The lawyer quickly attempted to contact Noel and Stan to arrange to have the will re-executed. However, by the time she got a hold of Noel, his brother had already gone in for his surgery.

Stan Sheehan died as a result of the surgery.

Will can be recognised despite formal defects

Due to the mistake in executing Sheehan’s will, the executors, Mr Loveday and Noel Sheehan brought an application under Section 18 of the Succession Act 1981. This section grants the court a discretionary power to dispense with the formal will requirements and recognise a document as the deceased’s will despite the non-compliance with the formal requirements. This case was to be the first test of the new COVID Will Regulations.

The will would have complied with the formal requirements of section 10 had it been witnessed physically in the usual way. There is not usually a requirement that every page is signed.

When deciding whether to recognise an informal will, the court will consider:

  • Whether there is a document;
  • Whether that document contained the deceased’s testamentary intentions; and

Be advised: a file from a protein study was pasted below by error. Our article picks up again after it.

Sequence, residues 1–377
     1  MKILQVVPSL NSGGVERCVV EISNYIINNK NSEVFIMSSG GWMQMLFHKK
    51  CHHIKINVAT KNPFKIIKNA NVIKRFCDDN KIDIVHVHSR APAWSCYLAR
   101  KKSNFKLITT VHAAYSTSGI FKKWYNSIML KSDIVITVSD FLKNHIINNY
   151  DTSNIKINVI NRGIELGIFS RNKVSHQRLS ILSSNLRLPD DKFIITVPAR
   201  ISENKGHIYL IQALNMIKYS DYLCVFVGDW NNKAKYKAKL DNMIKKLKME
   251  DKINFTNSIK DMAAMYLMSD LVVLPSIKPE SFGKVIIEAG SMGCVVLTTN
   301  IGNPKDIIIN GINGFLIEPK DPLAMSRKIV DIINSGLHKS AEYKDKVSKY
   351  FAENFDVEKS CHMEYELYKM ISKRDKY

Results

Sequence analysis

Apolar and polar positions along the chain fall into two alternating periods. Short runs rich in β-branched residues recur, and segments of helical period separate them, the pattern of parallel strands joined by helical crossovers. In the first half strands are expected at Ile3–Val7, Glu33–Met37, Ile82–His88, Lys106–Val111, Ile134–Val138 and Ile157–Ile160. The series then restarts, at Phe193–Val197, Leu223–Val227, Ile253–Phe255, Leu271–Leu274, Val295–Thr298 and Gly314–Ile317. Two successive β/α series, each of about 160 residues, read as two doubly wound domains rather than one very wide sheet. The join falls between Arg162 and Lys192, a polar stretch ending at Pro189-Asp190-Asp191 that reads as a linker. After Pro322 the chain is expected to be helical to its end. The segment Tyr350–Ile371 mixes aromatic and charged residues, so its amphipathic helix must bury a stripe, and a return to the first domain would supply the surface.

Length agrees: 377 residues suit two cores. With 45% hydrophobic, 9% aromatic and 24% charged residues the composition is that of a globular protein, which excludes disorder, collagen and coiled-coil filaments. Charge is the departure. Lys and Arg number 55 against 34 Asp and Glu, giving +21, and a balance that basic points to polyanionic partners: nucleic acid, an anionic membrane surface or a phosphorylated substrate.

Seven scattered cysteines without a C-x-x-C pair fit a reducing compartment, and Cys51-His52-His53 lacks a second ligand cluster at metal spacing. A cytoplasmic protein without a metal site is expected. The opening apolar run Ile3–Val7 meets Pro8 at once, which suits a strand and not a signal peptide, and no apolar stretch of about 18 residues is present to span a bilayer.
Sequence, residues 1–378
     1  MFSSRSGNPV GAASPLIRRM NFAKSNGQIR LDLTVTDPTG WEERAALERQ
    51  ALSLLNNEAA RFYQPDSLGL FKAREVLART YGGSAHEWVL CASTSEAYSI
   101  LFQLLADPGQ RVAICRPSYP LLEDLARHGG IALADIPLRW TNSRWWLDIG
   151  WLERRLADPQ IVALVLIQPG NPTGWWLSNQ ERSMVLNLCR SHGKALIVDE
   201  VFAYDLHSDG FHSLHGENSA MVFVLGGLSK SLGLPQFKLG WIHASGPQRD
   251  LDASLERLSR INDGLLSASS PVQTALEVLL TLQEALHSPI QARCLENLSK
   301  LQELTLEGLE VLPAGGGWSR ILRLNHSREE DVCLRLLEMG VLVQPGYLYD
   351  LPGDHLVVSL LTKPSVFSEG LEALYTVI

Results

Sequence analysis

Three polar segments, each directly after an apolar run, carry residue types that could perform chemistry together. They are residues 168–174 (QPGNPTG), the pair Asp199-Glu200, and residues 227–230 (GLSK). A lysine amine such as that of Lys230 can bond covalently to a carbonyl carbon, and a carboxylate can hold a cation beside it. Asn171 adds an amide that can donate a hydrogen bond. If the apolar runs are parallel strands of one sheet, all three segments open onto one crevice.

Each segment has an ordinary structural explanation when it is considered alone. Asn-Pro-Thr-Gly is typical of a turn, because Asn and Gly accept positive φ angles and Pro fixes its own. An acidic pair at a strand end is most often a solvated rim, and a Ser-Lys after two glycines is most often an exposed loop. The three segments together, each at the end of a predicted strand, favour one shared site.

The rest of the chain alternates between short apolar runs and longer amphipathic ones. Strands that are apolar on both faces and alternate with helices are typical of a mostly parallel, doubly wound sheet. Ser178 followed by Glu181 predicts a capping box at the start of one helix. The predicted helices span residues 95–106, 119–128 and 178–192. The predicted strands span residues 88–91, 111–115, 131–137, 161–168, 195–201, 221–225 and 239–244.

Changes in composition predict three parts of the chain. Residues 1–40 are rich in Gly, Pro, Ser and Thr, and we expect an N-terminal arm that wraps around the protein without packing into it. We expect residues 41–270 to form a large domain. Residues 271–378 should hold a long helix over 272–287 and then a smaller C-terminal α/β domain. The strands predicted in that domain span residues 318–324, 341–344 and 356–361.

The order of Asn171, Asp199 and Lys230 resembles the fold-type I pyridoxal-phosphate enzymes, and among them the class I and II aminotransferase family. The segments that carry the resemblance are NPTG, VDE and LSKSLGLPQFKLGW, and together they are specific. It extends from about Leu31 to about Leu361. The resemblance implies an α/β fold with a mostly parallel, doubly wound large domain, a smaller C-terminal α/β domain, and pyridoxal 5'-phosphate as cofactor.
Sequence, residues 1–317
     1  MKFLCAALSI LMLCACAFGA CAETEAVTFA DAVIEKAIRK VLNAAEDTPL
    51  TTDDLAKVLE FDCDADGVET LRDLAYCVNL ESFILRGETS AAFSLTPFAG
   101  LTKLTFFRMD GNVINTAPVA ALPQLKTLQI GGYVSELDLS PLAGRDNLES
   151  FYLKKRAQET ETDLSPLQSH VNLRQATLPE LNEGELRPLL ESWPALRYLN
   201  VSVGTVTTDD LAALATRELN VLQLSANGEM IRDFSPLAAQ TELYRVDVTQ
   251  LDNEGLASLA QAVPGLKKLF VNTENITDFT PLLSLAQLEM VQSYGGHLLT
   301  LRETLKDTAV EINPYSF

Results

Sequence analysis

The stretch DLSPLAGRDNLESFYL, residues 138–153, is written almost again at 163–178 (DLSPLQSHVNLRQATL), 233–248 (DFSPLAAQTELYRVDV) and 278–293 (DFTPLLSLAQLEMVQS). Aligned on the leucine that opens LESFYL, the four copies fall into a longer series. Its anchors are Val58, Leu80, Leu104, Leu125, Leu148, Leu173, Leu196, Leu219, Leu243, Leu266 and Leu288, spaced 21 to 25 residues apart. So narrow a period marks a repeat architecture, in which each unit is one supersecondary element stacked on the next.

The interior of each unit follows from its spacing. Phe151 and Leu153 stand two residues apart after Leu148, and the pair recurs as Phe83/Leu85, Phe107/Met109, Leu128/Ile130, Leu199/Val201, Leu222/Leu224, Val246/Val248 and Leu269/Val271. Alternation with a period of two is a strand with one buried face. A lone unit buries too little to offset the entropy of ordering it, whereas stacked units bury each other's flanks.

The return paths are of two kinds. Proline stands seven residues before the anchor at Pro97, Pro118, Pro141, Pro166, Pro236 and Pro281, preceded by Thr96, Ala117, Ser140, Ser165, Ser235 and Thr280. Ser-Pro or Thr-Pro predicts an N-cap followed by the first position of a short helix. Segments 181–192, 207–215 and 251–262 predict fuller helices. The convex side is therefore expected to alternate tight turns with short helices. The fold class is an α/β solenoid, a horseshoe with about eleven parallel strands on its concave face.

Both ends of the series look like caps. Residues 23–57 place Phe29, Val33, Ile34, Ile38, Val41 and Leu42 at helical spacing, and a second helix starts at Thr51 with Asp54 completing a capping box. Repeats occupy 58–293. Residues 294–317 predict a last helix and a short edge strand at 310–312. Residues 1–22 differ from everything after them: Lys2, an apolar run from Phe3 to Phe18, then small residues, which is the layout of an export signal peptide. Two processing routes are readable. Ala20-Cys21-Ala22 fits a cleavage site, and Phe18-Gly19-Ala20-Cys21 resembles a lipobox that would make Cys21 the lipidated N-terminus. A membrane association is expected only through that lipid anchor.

• Whether that document was intended as the deceased’s last and final will.

For the court to recognise an informal will, there must be some evidence of some words or acts that demonstrate that the deceased intended the document to act as their last will without further action. Therefore, preliminary, tentative or partially complete documents will not suffice.

In addition, the onus to prove that the deceased had testamentary capacity shifts. The deceased is presumed to have capacity when a will is formally executed. However, a will under section 18 requires the person applying for probate to prove capacity.

In Stan Sheehan’s case, the lawyer recorded the Zoom meetings. The court was satisfied that the document was intended by Sheehan as his last will and testament because it was clear that he thought he was executing a will in accordance with the requirements. Further, the lawyer had asked questions to establish that his client had the necessary capacity. Accordingly, the court provided a Grant of Probate.

The decision in re Sheehan

Sheehan’s will was upheld despite the formal error. However, had his lawyer not been so careful as to ask the right questions and record everything, he might not have been so lucky. The risk could have been avoided entirely had the will been executed well in advance, granting time to correct any errors. When anything to do with the execution of a will is rushed, there is greater opportunity for mistakes and less opportunity for corrections.

Had Sheehan been more prepared and arranged a will earlier, the mistake probably would have been noticed and corrected and there would have been no need to go to court. Many people do not want to think about making a will until they really need one. However, this can have disastrous consequences.

If you require legal advice or representation in a wills and estates matter or in any other legal matter, please contact Armstrong Legal.